This is called bracketing. You must be certain that everything outside that bracket is unaffected by the observation. Everything within that bracket must be addressed and resolved in full. Of course, the agency expects you to give details of the root causes, the product impact, and the patient safety impact, ensuring that you set your CAPA to help prevent recurrence or severity or make the issue more detectable. The next stage of the response is to demonstrate what you did to contain the issue immediately. Finally, you need to prove that you have verified that the CAPA has prevented the reoccurrence of the issue.
You need to notify your investors and finance professionals because the warning letter is a very visible and accessible document often easily identified through freedom of information. Furthermore, at a time like this, companies will need to consider the cost of a GMP remediation program and, potentially, the impact of that warning letter on their stock.
Nevertheless, you must take the time to read the warning letter in detail to help ensure that you understand everything outlined within it.
U.S.-based companies need to be aware that any license applications the FDA would have reviewed will not be approved until they are proven to comply. Typically, when we measure our lead times or program times for a GMP remediation program, they are measured in months. Often, they can take up to 24 months. That time frame aligns with a visit from an FDA inspector to ensure that your facility has returned to compliance.
If you are a foreign company sending products into the U.S. market overseas, your products will be placed under an import alert. The FDA will assess whether those impacts are also appropriate and relevant to the other products you supply. Having your products on import alert, potentially for up to 24 months, can significantly impact your facility.
The FDA expects to see a written commitment from your senior management in that cover letter that they are engaged in this and are willing to address it. Of course, it makes perfect sense to request a meeting with the FDA to be able to lay out your intent to fix the issues.
It is important to be completely transparent and unambiguous about the issues. You must have an open-book process with the FDA to enable everybody to make the right decisions for the right reasons. Remember that you will be expected to provide quarterly updates to the FDA. In some cases, these could be as frequent as monthly.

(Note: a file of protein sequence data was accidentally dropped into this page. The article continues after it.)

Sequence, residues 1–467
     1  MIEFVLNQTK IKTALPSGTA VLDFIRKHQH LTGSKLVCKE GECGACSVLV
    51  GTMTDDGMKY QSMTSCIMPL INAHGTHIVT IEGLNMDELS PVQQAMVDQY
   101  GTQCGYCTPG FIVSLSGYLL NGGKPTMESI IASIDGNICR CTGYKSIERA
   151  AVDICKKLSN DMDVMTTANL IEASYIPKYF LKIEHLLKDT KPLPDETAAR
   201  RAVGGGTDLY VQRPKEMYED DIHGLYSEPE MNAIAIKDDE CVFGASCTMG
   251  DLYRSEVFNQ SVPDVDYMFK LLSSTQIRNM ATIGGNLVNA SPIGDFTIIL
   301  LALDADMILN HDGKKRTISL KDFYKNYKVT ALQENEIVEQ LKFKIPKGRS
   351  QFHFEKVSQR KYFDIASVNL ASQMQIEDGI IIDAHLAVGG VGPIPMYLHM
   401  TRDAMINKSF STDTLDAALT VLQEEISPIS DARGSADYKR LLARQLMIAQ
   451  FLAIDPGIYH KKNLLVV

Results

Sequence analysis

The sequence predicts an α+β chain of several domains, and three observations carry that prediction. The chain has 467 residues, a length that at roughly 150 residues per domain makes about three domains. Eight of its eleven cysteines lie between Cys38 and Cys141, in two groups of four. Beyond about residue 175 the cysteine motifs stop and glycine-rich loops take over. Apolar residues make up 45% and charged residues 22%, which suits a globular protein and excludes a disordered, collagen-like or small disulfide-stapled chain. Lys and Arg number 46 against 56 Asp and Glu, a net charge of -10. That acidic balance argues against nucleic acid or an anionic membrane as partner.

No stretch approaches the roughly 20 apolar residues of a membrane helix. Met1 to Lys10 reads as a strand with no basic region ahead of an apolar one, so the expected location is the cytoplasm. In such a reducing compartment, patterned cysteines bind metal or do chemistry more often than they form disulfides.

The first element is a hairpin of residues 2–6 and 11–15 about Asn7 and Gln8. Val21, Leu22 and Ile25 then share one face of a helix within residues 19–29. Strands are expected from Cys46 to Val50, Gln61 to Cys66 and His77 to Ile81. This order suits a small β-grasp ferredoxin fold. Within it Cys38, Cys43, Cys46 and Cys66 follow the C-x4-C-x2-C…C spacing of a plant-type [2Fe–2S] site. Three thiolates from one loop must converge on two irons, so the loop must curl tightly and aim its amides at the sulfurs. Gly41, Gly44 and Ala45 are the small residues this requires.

Everybody on your team needs to understand the impact of the warning letter on the organization. Individuals need to understand the effect it can have on their employment and the priorities they might have for the near future. Everybody needs to play their part in remediating the issue, and everybody needs to own it. It is important to be realistic about the workload people can take on.
Make sure everything you do can be proven. When you generate your CAPA plan and your body-of-evidence folder, which explains what you did and what evidence you’ve provided for each task, make sure you have something you can show that proves the transformation you’ve made.
The body-of-evidence folder needs to show the changes made, demonstrate that they comply with the Code of Federal Regulations or cGMP, and illustrate that the changes are in effect.
Are the operators adhering to the change? Are the analysts? Does everybody understand it? Can you verify that the improvement you made is in use? And then, of course, the last thing is to verify that the tasks you completed work in practice.
Focus on the concerns raised by the FDA. Yet this is also an opportunity to be expansive and consider the totality of what happens in the facility, and to bring into the fold people who may not previously have been in the spotlight in your business. These unsung staff members could in this instance prove to be pivotal members of the team.